Direst Climate Change Report Yet Released By Feds On Black Friday — What’s Up With That?

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The ostrich sticks it’s head in the sand for a good reason, to dig a hole to hide eggs. Climate deniers have no such reason, they just cower and cover their eyes saying, “it’s a plot against poor people, who can’t afford renewable energy,” or something equally absurd, when all around them, the scientists they revile are barraging them with facts. Americans have already paid with their lives for climate change-caused tragedies, hurricanes and wildfires, to name a few, while the idDJT in the White House refuses to acknowledge the causal connection that is glaringly evident to every other world leader. It is not new information that since 1901, temperature records show the United States has warmed 1.8 degrees Fahrenheit, since 1960 mountain snowpack has shrunk significantly and arctic ice has receded. The seasons are topsy turvy. Sixteen of the warmest 17 years on record have occurred since 2000. While our fearless leader assures us it’s all a Chinese hoax, this chilling report informs us, simply, if we don’t haul ass in the other direction immediately, we’re toast. The Atlantic:

“It shows us that climate change is not a distant issue. It’s not about plants, or animals, or a future generation. It’s about us, living now,” says Katharine Hayhoe, an author of the report and an atmospheric scientist at Texas Tech University.

The report visits each region of the country, describing the local upheavals wrought by a global transformation. Across the Southeast, massive wildfires—like those seen now in California—could soon become a regular occurrence, smothering Atlanta and other cities in toxic smog, it warns. In New England and the mid-Atlantic, it says, oceanfront barrier islands could erode and narrow. And in the Midwest, it forecasts plunging yields of corn, soybeans, wheat, and rice.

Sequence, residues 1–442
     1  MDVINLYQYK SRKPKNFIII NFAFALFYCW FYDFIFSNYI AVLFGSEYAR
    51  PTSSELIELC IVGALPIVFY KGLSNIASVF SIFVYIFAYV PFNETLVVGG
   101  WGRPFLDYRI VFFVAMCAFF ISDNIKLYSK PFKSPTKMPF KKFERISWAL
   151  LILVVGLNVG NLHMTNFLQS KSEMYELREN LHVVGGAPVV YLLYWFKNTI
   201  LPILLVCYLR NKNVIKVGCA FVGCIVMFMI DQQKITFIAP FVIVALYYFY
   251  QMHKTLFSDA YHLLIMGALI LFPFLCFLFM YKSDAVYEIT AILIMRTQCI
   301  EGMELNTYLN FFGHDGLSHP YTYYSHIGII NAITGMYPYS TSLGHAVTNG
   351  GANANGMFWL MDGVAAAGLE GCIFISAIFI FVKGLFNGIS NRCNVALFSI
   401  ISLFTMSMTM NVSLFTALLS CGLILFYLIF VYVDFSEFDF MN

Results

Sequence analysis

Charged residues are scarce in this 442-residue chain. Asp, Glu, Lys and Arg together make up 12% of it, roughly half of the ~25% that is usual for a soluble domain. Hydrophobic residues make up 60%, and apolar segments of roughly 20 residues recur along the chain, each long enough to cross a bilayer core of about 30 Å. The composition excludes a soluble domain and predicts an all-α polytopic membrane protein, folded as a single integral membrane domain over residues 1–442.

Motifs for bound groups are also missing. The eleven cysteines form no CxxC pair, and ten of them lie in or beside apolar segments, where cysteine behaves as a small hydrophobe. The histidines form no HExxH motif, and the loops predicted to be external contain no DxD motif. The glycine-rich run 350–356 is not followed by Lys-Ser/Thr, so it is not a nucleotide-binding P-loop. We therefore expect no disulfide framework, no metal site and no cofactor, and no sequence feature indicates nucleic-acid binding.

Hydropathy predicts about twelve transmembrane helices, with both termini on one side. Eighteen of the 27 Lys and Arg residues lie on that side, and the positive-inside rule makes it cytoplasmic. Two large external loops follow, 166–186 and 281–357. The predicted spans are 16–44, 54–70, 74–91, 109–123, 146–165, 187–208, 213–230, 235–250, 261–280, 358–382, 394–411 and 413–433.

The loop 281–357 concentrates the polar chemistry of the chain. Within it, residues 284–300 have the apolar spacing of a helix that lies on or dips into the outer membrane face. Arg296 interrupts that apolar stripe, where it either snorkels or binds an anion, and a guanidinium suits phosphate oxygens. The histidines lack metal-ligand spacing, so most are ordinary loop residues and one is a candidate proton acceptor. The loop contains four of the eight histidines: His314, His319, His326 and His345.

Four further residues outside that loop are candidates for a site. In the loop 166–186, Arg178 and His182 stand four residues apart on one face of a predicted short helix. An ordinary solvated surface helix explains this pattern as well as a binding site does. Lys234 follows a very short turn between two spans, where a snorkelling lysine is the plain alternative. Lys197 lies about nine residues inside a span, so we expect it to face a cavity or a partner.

Its projections of sea-level rise are just as ominous. If carbon pollution continues to rise, a huge swath of the Atlantic coast—from North Carolina to Maine—will see sea-level rise of five feet by 2100. New Orleans, Houston, and the Gulf Coast could also face five feet of rising seas. Even Los Angeles and San Francisco could see the Pacific Ocean rise by three feet.

Even if humanity were to reduce the burning of fossil fuels, the report forecasts that New Orleans could still see five feet of sea-level rise by 2100.

It will come as no surprise that the protocols reached by the Paris Accord, which we dumped at the behest of Steve Bannon, shortly after Trump took office, are still our best guideline on how to avert catastrophe, in a future which is very much nearer than the idiot deniers suppose.

“If the United States were to try and achieve the targets in the Paris Agreement, then things will be bad, but we can manage,” he said. “But if we don’t meet them, then we’re talking about hundreds of thousands of lives every year that are at risk because of climate change. And hundreds of billions of dollars.”